“Soulless sheds”, “beached whales” and “blips in the history of retail” are descriptions that have recently been assigned to hypermarkets, a format that seems to have taken on the persona of a dinosaur whose days are numbered. Glynn Davis takes a look at whether this once high-flying format can be rejuvenated.
The touch paper was lit by recent comments from Tesco chief executive Philip Clarke who stated that the format was no longer the focus of growth for Tesco, and the jettisoning of the Planet hypermarket refurbishment programme by the outgoing CEO of Carrefour Lars Olofsson.
We’ve since had a flurry of critics of the format appear. Dalton Philips, chief executive of Morrisons, suggested its rivals with big sheds will be wondering what to do with them. And Charlie Mayfield, chairman of John Lewis and upmarket grocer Waitrose, cast doubt on the future of the hypermarket.
“Over the last 30 years it was convenient for customers and profitable for retailers to put non-food alongside food in [out-of-town] space that was cheap compared with other space. But with infinite choice on the internet and new fulfilment practices this changes the fundamental commercial rationale for hypermarket developments,” he argues.
So what exactly has gone wrong? There are a number of factors, according to Daniel Lucht, research director at Research Farm, who says: “The internet is playing havoc with non-food, no doubt about it, and people are not buying big things in this tough economy. Gas prices are also having an impact and there are more one-person households that are not doing big shops.”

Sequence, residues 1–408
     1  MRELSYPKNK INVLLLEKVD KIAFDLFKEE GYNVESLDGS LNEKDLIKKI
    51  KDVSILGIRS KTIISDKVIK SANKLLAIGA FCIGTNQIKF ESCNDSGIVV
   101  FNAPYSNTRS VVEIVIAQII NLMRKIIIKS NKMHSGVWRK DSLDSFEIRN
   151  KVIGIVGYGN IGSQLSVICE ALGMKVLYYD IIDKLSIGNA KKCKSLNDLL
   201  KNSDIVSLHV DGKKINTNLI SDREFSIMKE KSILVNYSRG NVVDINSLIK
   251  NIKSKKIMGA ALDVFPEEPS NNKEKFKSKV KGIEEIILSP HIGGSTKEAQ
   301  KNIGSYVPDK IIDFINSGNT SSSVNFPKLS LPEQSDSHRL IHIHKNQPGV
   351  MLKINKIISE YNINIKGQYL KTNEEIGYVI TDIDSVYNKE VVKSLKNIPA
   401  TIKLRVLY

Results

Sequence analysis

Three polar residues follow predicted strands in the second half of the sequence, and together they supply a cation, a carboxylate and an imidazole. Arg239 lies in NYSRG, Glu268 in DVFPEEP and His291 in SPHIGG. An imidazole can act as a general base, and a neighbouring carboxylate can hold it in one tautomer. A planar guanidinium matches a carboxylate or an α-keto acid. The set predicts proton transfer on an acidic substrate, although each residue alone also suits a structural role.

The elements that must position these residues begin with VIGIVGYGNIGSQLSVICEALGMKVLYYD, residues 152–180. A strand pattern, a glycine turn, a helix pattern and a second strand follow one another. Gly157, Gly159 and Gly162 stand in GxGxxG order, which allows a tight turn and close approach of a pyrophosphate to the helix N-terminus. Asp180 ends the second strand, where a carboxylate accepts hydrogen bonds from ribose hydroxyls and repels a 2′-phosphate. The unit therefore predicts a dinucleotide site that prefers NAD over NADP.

Darren Shirley, analyst at Shore Capital, agrees the problem is a mix of long-term issues like the internet grabbing increasing non-food sales and short-term effects like the need for consumers to stick to budgets and to cut down on costly petrol consumption.
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Such problems have only really hit the UK over the last three years suggests David Gray, retail analyst at Planet Retail, who says Tesco was even accelerating its hypermarket openings to 15- to-20 per year after the 2008 recession.
The UK market has been helped by the fact that relaxed legislation and available space have continued to make it possible for the opening of large units of up to 11,000+ sq m. Whereas in Germany and France Lucht says the reality is that problems have been going on for years: “Carrefour has struggled for a long time and so have the German retailers like Metro with its Real hypermarkets.”
In both countries there has been hypermarket saturation, which has meant the only route to growth has been through acquisition.
There has also been an issue with legislation in France that has hampered big box openings for some years. The law to protect the high streets ‘loi raffarin’ has made it tough to open anything over 10,000 sq m, resulting in stagnation among the incumbents. “If you can’t open new hypermarkets then you can just sit tight on what you’ve got. Even if you’ve a tired old Casino the audience has been tied to you,” says Lucht.
On top of this ‘loi galland’ is a pricing law aimed at protecting artisanal producers whereby all their branded products have to be priced at the same level by all retailers. Hypermarkets are therefore unable to offer pricing advantages over smaller stores for such products.